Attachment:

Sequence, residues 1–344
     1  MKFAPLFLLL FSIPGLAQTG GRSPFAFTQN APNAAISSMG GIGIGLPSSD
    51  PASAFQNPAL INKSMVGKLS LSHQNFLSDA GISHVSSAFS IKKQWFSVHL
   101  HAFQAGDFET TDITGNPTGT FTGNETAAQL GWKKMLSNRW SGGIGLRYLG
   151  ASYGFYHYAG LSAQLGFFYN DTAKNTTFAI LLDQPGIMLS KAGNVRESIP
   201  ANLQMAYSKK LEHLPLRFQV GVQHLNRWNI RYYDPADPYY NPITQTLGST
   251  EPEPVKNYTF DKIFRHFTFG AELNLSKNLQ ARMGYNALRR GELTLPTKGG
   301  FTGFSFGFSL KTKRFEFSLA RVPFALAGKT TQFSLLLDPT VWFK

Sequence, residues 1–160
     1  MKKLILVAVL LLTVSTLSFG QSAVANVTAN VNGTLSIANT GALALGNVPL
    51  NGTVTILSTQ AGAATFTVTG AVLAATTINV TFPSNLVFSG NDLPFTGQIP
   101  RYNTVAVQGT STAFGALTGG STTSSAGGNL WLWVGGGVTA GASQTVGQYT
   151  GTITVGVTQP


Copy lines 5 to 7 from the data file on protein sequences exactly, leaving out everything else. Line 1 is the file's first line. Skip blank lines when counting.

   151  ASYGFYHYAG LSAQLGFFYN DTAKNTTFAI LLDQPGIMLS KAGNVRESIP
   201  ANLQMAYSKK LEHLPLRFQV GVQHLNRWNI RYYDPADPYY NPITQTLGST
   251  EPEPVKNYTF DKIFRHFTFG AELNLSKNLQ ARMGYNALRR GELTLPTKGG